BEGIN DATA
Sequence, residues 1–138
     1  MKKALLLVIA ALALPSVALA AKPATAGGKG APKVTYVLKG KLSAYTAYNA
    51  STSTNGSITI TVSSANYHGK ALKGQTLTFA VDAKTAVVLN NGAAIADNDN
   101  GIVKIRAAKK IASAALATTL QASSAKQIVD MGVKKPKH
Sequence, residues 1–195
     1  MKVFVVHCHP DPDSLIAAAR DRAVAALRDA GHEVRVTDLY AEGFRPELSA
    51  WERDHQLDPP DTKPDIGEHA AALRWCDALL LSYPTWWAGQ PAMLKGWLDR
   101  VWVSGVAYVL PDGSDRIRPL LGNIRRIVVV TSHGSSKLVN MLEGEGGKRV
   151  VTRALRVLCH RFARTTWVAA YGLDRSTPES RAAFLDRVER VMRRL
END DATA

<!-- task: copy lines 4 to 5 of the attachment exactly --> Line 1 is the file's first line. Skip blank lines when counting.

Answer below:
   101  GIVKIRAAKK IASAALATTL QASSAKQIVD MGVKKPKH
Sequence, residues 1–195